At the grand wedding celebration of his daughter Cleopatra’s marriage to Alexander of Epirus (brother of Olympias), Philip was assassinated by Pausanias, a young Macedonian noble. The official explanation was that Pausanias was driven into committing the murder after he was denyed justice by the king in a bitter grievance against the young queen’s uncle Attalus. Pausanias himself could add nothing to it, as he was killed on the spot. Not surprisingly though, rumors came up that Olympias and Alexander were involved in the assasination — that they used Pausanias’ anger to further their cause — as they had most to gain from Philip’s death. Few years later, however, Aristotle used this incident in his work Politics as an example of a monarch murdered for private and personal motives, hinting at what the prevailing public oppinion was like at the time.
His vision to conquer the Middle East, will be carried away by his son Alexander the Great. However, without the military and political efforts of Philip, Alexander would have never been as successful. After all, Philip was the true founder of Alexander’s army, for he trained some of his best generals, such as Antigonus Cyclops, Antipater, Nearchus, Parmenion, and Perdiccas. According to Bosworth, Philip’s work with the Macedonian army and establishment of alliances with the Balkan peoples gave both himself and Alexander the resources necessary to carry out such conquests.
Philip introduced the 6 meter (about 18 feet) long sarissa, a wooden pike with metal tip, for use by his infantry in the phalanx. The sarissa, when held upright by the rear rows of the phalanx (there were usually eight rows), helped hide maneuvers behind the phalanx from the view of the enemy. When held horizontal by the front rows of the phalanx, it was a rather brutal weapon. People could be run through from 20 feet away, giving quite an advantage to the phalanx in hand-to-hand combat.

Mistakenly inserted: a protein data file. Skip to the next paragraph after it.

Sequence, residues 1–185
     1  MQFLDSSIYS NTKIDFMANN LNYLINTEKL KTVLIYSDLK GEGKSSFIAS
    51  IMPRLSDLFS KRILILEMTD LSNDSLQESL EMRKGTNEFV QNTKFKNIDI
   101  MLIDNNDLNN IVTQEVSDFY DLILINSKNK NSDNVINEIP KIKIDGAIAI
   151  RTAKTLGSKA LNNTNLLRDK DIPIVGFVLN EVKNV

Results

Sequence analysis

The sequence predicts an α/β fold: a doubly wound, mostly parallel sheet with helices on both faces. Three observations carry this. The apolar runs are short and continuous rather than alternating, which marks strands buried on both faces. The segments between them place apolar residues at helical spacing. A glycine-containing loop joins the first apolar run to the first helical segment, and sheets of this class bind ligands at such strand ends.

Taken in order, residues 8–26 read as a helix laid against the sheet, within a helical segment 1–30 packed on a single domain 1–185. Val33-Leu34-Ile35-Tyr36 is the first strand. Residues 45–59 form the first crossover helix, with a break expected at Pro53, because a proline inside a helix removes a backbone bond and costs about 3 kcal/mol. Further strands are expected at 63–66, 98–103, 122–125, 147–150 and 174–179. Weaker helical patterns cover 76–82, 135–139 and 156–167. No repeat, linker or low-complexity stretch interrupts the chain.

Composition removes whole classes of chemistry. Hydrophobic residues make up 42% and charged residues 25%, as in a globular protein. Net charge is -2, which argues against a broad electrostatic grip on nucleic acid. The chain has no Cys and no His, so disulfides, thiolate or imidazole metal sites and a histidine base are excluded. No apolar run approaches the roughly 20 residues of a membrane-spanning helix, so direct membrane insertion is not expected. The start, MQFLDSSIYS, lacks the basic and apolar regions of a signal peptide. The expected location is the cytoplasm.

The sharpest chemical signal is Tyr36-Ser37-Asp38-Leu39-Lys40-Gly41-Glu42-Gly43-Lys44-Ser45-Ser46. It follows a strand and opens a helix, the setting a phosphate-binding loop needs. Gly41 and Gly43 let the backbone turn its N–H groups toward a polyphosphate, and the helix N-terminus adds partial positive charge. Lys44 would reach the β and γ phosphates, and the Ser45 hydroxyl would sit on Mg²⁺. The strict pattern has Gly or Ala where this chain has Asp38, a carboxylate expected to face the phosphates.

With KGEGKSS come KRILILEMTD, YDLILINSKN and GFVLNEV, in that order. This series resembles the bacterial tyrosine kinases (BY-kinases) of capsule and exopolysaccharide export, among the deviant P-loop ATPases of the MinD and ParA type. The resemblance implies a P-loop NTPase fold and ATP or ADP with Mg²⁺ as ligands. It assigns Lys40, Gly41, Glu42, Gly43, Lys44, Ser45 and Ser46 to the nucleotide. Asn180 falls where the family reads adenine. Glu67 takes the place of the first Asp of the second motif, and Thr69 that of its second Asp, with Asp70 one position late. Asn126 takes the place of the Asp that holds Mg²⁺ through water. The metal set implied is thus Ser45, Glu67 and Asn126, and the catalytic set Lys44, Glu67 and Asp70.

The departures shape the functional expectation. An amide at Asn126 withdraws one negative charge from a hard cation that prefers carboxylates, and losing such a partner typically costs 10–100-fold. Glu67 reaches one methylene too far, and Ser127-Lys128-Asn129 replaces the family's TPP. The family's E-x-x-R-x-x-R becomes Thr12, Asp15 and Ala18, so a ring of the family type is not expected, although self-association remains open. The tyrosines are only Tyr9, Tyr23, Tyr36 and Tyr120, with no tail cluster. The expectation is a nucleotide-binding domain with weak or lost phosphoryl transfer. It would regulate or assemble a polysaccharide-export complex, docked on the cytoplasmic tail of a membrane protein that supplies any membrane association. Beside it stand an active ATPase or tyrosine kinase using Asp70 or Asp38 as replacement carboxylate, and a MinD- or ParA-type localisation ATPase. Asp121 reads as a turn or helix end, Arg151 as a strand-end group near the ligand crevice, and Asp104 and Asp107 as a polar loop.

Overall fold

Philip made the military a way of life for many Macedonian men. He made the military a professional occupation that paid well enough that the soldiers could afford to do it year-round, unlike in the past when the soldiering had only been a part-time job, something the men would do during the off peak times of farming. This allowed him to count on his man regularly, building unity and cohesion within the army. In addition to the basic phalanx, Philip and Alexander used light auxiliaries, archers, a siege train, and a cavalry.
The royal tomb excavated in 1977 at Vergina, near Salonika, was at first believed to be Philip’s, only later to be proven that it dates from around 317 BC, suggesting that the tomb belongs to King Philip III Arrhidaeus, bastard son of Philip II and a female dancer, Philinna of Larissa, and half-brother of Alexander the Great (Science 2000 April 21; 288: 511-514). Philip III could not match the leadership skills of his father and his half-brother. On the death of Alexander the Great he was elected king under the name of Philip III by the Macedonian army, and in 322 BC he married. On their return to Macedonia he and his wife were made prisoners and put to death by order of Olympia, in the year 317 BC.
The Macedonian kings continued to exercise their sovereignty over Greece until the conquest of Perseus by the Romans in BC 168, which brought the Macedonian monarchy to a close.